Saturday, December 29, 2012

Book 39: The Buffalo Soldier

The Buffalo Soldier by Chris Bohjalian

I first discoverd Bohjalian due to his World War II era novel, Skeletons at the Feast, which is still my favorite of his.  He chooses an entirely different topic for each novel he writes, and these have ranged from a ghost story, a literary look into obsession and behavioral health, a murder-suicide in a small town, and foster parents and adoption in this one.  He has a knack for developing sympathetic yet flawed characters.

The majority of the novel takes place two years after a flood that killed Laura and Terry Sheldon's twin daughters.  They have decided to take in a foster child, and I think they are both a bit surprised when Alfred, a ten year old African American boy, comes to their house.  Alfred is hesitant, but begins to form a bond with his elderly neighbor, first bonding over the story of the buffalo soldiers and then over the horse Paul purchases to take care of during his retirement.  Laura and Alfred also start to slowly bond while Alfred's presence causes doubts in Terry, leading to him having an affair.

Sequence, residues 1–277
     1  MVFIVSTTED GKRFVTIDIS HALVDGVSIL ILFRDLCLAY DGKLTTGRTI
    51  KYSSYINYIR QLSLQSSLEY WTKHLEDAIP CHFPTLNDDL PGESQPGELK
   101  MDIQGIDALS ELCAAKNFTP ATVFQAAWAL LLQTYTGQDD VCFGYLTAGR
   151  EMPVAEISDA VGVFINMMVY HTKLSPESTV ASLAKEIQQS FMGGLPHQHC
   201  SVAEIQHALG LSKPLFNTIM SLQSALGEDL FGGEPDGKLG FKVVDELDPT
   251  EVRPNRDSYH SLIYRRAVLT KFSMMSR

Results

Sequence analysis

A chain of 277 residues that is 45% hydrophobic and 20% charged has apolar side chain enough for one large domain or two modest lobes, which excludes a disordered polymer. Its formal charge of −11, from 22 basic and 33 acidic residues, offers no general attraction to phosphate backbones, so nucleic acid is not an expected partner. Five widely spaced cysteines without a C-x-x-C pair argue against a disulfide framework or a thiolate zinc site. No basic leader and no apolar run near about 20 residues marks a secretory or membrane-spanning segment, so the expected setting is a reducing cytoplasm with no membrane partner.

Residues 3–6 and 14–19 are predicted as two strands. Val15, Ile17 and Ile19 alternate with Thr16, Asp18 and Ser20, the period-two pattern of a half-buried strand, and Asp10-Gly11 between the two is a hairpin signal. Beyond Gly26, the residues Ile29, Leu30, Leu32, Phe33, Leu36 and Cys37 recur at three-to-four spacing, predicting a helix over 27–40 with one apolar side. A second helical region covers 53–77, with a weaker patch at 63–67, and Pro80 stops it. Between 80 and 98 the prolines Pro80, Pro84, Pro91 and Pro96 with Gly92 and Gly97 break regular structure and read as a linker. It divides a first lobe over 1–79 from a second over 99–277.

As the novel progresses, Bohjalian explores the ideas of family and grief.  In the beginning, Terry seems to think that Lauren is more broken by her grief than he is, but as the novel progresses it becomes clear that she has dealt with her loss and is more open to the idea of incorporating Alfred into their family, and moving on.  I quite enjoyed this when I read the novel, and the way Bohjalian juxtaposed Lauren and Terry's reactions to Alfred and some of his habits as a foster child.  It has a been a while since I read this, however, and I'm a bit blurry on some of the specifics.  It is mostly a character driven novel, and like in his other novels, Bohjalian did a very good job of developing their personalities in this quiet story.

Book 38: Daughter of Smoke and Bone

Daughter of Smoke and Bone by Laini Taylor